Good Fun, As Always

Paragraph for paragraph, I find Elizabeth Peters to be one of the most entertaining authors out there. Her latest Vicky Bliss is no exception. Sure, the mystery is a little convoluted, but the interaction between the characters sparkles as always. This book wraps up a few things for Vicky and also for Peters' Amelia Peabody series, and Schmidt finally gets his turn to be the hero! If you love Vicky Bliss you'll enjoy this one too, and if you are new the series, go get yourself a copy of Borrower of the Night or Street of the Five Moons right away--you'll be hooked!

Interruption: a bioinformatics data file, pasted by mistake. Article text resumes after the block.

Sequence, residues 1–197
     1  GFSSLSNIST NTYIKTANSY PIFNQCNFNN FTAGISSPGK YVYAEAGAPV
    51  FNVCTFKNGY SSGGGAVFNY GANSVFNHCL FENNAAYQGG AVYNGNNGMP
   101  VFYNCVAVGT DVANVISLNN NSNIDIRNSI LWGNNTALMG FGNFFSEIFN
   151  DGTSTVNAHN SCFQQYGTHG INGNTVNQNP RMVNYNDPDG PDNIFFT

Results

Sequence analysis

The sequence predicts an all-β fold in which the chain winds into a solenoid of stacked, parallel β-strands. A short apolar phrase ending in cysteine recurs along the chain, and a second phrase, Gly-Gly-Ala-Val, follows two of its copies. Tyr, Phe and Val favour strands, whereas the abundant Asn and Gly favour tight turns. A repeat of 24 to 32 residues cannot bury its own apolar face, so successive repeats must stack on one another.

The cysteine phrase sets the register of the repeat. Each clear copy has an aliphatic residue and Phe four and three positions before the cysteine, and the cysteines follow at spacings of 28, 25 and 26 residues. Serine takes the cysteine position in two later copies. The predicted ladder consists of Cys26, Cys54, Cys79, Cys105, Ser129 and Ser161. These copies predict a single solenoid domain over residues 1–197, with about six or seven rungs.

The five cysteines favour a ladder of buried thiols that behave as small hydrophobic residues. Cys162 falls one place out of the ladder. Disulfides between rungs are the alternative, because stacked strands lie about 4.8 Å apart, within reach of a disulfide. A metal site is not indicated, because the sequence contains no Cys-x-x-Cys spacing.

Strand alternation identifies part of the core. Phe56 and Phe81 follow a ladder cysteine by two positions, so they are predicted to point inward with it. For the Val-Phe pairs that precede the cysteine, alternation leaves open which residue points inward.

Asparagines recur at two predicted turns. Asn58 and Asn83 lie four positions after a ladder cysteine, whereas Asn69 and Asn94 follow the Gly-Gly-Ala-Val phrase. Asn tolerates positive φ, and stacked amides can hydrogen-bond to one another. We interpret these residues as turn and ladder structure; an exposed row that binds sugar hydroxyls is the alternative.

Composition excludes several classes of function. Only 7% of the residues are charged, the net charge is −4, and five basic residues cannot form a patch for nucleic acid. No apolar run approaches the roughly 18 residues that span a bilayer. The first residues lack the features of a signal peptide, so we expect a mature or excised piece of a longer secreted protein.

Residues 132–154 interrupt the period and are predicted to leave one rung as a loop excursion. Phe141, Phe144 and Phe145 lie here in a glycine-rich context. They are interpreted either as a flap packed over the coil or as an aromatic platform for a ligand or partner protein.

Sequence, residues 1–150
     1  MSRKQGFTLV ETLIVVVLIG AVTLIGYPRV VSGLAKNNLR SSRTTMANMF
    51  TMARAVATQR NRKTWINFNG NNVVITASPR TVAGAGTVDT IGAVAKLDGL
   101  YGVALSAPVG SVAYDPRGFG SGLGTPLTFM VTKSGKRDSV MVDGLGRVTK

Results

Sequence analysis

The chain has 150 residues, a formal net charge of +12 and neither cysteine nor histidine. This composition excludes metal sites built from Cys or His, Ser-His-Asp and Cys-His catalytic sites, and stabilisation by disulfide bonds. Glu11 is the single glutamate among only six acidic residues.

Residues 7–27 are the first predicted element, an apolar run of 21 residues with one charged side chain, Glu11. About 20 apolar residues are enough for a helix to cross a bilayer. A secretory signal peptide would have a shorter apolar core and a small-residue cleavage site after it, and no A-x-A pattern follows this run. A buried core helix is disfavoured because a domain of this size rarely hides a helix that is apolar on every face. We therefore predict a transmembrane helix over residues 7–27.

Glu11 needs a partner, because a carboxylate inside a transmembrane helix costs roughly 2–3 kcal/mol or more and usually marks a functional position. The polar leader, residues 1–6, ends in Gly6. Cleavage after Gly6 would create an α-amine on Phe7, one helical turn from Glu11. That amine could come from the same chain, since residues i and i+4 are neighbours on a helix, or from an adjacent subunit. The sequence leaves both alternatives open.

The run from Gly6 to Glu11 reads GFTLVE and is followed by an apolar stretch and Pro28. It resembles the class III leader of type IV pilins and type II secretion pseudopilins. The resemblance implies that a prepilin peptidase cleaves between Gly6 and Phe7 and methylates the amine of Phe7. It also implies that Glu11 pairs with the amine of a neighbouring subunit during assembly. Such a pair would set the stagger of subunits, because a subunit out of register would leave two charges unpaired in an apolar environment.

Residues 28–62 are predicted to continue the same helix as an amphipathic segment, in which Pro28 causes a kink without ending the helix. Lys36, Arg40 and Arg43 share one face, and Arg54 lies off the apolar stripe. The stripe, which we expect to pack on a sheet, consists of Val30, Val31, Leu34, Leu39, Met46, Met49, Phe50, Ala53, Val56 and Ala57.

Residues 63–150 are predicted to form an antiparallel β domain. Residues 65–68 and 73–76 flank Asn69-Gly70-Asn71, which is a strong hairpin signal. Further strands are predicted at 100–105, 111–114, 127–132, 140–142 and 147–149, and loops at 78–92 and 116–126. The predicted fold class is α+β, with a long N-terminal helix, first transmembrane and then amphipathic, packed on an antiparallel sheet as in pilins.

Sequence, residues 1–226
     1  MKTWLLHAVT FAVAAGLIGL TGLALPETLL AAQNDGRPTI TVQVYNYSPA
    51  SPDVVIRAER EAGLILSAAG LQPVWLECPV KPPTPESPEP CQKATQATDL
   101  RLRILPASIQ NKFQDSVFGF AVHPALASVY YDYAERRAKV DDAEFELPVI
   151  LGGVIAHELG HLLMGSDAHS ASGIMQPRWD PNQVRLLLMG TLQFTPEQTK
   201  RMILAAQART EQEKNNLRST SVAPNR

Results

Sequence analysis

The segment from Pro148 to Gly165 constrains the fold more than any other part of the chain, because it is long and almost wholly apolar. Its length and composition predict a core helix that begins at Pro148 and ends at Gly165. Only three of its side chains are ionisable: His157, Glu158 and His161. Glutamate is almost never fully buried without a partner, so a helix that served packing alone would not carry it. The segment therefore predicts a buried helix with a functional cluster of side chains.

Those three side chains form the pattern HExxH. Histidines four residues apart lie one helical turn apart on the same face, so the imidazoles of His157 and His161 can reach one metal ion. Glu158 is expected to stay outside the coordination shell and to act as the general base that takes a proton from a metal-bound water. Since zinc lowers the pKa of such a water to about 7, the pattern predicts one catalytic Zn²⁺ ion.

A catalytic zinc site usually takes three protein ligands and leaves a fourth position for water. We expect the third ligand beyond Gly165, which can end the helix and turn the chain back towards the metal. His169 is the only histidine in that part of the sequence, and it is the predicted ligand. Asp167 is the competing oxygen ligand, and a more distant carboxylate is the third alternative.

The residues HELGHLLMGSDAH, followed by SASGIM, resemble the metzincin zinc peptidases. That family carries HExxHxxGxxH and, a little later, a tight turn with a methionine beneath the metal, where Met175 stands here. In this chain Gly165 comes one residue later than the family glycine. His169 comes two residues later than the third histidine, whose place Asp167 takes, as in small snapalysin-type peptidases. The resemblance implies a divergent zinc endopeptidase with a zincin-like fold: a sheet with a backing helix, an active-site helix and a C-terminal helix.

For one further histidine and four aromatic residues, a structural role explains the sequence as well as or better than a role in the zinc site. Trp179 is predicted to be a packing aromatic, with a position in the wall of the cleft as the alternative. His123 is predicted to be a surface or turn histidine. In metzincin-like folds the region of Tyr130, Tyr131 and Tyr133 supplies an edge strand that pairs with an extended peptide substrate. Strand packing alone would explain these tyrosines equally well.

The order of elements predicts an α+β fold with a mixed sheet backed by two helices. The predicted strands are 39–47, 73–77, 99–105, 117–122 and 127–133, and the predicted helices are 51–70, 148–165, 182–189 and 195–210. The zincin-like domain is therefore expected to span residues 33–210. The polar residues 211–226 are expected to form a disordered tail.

To warn you in advance of potential bias on my part, the Vicky Bliss series has been beloved to me for the better part of ten years, and I had long since given up on a new novel. So this was a treat. Taken as a stand-alone book, The Laughter of Dead Kings is probably not quite on the same level as some of its predecessors, but then I wouldn't recommend it to anyone who hasn't read the previous novels, or Night Train to Memphis at a bare minimum. (And in all fairness, that was a tough act to follow.) Peters doesn't spend an extensive amount of time reintroducing characters, locations, etc., and a newcomer would be quite lost. On the other hand, I would strongly recommend this book to anyone and everyone who is familiar with Vicky and company-- but it's unlikely that they would need my urging. I can, however, assure them that it's entirely worth it. This is an honest-to-goodness Vicky, complete with lighthearted first-person narration, improbable occurrences, charming anti-heroes, and a certain amount of blundering. Peters writes with her usual panache and manages to avoid the pitfall of some of her other works (particularly the later Amelia Peabodys) in keeping the story tidy and to the point. If anything, it leaves you wishing for just a little bit more... but of course that's a hallmark of the best. All the characters are as charming and convincing as ever, despite the fact that they have been mercilessly dragged into the modern era of cell phones and instant messaging, and a few of Peters' very deliberately placed revelations had me grinning. Great stuff. Sadly, both the tone and the events strongly implied that she is wrapping up the series, but then, "one is all any of us can count on." And this "one more" was just about right.